While a recovery in FDI is expected in 2017 as Oyu Tolgoi spending accelerates, this alone may not be enough to achieve escape velocity from Mongolia’s ongoing economic crisis. Despite being home to an estimated $7 Trillion USD in mineral wealth, the Mongolian Government has only managed to sign one major mining project (Oyu Tolgoi in 2009) in the last 25 years. Interestingly, this deal was signed in the midst of the Great Financial Crisis and Mongolia’s financial troubles at the time played a significant role in finally moving that project forward. With a similar economic dynamic in place today, we expect the GOM will finally sign a deal for Erdenes Tavan Tolgoi (ETT), (world’s largest undeveloped coal mine) after 8 years of indecision, infighting and waffling.

The Dynamics of a Deal for Erdenes Tavan Togloi

ETT is a massive coal deposit, with reserves of about 8B tons (65%-78% coking coal), making it the largest undeveloped coal project in the world today. Until recently, negotiations to develop ETT was a comedy of errors, with potential partners coming then going and deal after deal falling apart. With ETT’s parent corporation, Erdenes Mongol, under new leadership the process for an agreement has become more deliberate and consistent. While exact details are not available, negotiations have focused on China Shenhua and Sumitomo as strategic partners, with Mongolia Mining Corp (HK:975) as the local partner and operator. This deal has the potential to create significant value, since the entirety of the ETT deposit would be brought under one operator Mongolia Mining Corp (MMC), which would result in less competition, higher pricing and volumes. MMC has the only real wash plant in the region, which is critical to Mongolia realizing maximum efficiencies and royalties from this world class deposit. Furthermore, washed coal produces higher Average Selling Prices and is consistent with the GOM’s mantra of value added exports.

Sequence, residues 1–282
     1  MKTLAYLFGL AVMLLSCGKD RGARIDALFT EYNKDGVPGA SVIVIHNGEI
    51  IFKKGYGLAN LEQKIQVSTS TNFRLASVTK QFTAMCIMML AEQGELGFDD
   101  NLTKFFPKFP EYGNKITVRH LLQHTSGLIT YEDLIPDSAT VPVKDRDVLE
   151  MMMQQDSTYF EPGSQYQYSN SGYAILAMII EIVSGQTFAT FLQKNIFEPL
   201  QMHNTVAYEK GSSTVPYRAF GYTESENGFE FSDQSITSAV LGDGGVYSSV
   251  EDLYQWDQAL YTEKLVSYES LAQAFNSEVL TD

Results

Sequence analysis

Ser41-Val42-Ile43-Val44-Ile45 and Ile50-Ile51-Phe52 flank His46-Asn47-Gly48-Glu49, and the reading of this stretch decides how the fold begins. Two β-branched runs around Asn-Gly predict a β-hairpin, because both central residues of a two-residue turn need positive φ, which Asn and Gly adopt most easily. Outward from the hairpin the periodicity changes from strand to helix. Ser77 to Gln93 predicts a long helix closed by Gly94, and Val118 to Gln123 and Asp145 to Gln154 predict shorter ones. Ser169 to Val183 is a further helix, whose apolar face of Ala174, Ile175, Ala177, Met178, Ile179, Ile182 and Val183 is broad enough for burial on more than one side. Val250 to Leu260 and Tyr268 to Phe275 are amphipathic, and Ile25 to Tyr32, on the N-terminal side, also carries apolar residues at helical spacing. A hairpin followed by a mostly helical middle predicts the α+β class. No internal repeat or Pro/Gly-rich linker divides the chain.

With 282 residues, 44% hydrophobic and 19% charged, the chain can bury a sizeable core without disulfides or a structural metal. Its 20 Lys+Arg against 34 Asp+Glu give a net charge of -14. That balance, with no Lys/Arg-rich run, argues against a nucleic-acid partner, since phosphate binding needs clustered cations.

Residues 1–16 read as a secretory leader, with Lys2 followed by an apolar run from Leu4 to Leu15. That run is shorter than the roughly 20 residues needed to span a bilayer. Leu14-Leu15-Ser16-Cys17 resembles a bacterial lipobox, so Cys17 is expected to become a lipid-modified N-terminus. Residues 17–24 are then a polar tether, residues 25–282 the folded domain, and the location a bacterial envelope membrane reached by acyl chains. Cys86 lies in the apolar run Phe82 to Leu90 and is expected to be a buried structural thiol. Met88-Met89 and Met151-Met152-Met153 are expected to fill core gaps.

The political dynamics in Mongolia have shifted very favorably for an ETT deal post elections, which delivered a victory and super-majority (65/76 seats) to the Mongolia’s Peoples Party (MPP). The Democratic Party (DP) during recent election campaigning labelled the MPP “The Coal Party”, given MMC’s affiliation with the MPP and strong ties to the industry throughout the party. The GOM was quite close to finalizing a JV with Shenhua and Sumitomo in 2015, which ultimately didn’t happen, at least partially because the process became highly politicized. With an MPP super-majority in Parliament and Mongolia in desperate need of investment, we see the odds of an ETT deal as being extremely high.

If a deal for ETT is to happen, we see Mongolia Mining Corp (HK:975) as a compelling value with significant upside. MMC equity is down 99% post its 2010 IPO at 7.02 HK (Figure 5), as the political and industry headwinds of the last 3 years took a severe toll on its finances. MMC defaulted on its debt earlier this year which is in the process of being reorganized under equitable terms for debt and equity holders. There appears to be three primary areas of confusion where an investment in MMC is concerned, which have shares trading at heavily distressed levels.

1. Is Mongolia Mining Corp About to Be Liquidated?

The answer to this question in our view is No.